Duhaime's Law Dictionary


Ultra Petita Definition:

Latin: beyond that which is sought.

Related Terms: Obiter Dictum

Usually used in relation to a judgment of the court which exceeds even that which was asked for, such as a damage award which is in excess of what a plaintiff requested.

An ultra petita decision is not good law and is typically and successfully appealed on that ground.

The ultra petita rule highlights the importance of good pleadings as a Court cannot generally give a litigant more than what they ask for. If a personal injury is alleged but no damages pleaded, awarding damages might be ultra petita. The reality is that in most cases, a judge will nudge a litigant along to make up for any fatal deficiency at trial such as:

"Mr. Doe, I'm not seeing any allegation or claim for damages in the statement of claim. Would you be wanting an adjournment to amend your pleadings?"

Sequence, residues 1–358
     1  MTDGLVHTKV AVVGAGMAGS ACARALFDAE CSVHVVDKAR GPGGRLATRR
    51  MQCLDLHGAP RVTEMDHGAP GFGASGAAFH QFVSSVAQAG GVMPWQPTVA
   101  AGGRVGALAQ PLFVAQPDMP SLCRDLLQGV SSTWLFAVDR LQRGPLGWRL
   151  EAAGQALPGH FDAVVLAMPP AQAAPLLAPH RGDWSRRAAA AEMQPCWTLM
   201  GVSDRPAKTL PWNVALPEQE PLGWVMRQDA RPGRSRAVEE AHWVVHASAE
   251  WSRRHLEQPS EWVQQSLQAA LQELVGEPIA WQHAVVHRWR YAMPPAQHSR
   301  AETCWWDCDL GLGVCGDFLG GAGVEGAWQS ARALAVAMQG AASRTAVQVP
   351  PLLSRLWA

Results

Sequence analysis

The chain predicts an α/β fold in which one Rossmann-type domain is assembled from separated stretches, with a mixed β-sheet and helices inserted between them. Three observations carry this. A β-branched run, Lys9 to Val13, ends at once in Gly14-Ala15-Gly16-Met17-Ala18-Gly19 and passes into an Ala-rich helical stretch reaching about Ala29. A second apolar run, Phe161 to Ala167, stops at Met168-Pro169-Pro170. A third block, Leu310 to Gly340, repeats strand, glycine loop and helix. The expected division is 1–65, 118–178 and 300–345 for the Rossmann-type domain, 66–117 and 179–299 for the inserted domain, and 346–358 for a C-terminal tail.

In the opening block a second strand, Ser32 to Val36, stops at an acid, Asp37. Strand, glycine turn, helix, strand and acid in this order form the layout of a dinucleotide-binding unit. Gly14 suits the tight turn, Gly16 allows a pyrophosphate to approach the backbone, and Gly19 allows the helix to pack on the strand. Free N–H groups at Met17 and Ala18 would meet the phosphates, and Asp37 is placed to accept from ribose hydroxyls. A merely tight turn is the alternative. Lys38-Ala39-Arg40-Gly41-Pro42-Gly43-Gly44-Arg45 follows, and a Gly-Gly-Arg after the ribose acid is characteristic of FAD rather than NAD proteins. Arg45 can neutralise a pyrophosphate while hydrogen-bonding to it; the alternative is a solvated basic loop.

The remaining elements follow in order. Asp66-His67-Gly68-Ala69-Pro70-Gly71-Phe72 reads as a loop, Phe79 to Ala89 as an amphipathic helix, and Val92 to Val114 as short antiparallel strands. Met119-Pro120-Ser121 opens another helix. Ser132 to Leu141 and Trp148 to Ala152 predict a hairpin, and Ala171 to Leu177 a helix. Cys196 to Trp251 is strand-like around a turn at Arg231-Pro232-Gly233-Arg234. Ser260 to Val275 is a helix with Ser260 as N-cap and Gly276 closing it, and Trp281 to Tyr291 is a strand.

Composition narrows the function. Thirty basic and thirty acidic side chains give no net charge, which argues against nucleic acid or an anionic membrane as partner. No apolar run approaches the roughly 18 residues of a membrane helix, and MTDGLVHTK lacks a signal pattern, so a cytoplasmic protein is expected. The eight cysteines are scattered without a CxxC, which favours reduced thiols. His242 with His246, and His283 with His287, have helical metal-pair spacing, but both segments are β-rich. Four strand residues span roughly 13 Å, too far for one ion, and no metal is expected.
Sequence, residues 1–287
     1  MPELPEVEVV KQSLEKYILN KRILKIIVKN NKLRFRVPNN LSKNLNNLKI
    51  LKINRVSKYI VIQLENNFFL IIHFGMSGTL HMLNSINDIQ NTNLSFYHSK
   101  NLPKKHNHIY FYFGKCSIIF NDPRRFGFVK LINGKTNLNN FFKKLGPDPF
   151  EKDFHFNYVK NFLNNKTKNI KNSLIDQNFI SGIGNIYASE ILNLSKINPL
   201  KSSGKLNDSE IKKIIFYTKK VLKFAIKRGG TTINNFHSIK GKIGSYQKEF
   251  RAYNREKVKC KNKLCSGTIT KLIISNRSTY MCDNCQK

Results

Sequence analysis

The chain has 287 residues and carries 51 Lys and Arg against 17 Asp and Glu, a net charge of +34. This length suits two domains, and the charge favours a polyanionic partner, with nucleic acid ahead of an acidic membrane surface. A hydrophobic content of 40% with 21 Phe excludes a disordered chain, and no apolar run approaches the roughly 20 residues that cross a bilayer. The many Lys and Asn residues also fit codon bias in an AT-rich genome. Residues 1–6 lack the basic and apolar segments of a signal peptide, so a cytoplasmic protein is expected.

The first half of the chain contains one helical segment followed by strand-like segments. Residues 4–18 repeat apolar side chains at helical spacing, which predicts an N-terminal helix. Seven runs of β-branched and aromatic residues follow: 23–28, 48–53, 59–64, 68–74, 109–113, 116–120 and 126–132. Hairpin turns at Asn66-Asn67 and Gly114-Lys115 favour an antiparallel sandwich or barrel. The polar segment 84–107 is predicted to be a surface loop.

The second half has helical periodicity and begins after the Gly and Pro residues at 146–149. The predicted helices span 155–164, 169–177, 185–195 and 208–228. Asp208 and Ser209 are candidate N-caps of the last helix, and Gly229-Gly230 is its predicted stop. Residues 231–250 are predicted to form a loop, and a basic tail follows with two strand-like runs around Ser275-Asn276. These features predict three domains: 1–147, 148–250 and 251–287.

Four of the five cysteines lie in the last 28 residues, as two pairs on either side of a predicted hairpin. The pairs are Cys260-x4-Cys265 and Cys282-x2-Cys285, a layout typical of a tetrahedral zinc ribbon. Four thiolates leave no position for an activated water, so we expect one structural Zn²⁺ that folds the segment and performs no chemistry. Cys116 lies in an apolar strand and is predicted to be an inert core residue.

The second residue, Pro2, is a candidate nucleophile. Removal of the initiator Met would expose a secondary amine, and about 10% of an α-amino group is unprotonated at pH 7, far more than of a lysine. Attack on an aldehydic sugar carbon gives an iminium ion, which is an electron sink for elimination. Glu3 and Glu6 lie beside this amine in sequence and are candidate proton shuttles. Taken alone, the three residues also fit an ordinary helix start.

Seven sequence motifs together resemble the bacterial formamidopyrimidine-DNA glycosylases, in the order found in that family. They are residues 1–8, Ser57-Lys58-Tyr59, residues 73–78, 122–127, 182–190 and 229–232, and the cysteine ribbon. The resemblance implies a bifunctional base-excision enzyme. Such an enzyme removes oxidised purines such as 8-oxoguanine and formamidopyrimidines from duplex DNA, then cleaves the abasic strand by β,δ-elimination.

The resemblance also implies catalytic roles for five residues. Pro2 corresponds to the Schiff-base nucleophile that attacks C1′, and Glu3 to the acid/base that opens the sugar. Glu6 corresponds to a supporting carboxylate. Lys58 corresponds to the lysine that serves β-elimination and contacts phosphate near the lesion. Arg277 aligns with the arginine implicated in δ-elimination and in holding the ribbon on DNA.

This rule is significant in international law and was stated in the Asylum case that it was the International Court of Justice's duty:

"... not only to reply to the questions as stated in the final submissions of the parties, but also to abstain from deciding issues not included in those submissions."

In 2002, Prager Dietmar wrote in Law & Practice of International Courts and Tribunals:

"The non ultra petita rule is an emanation of the general principle that an international tribunal's powers are limited to what is conferred upon it by the parties. The Court is accordingly confined to acting on and cannot go beyond the submissions of the parties themselves."

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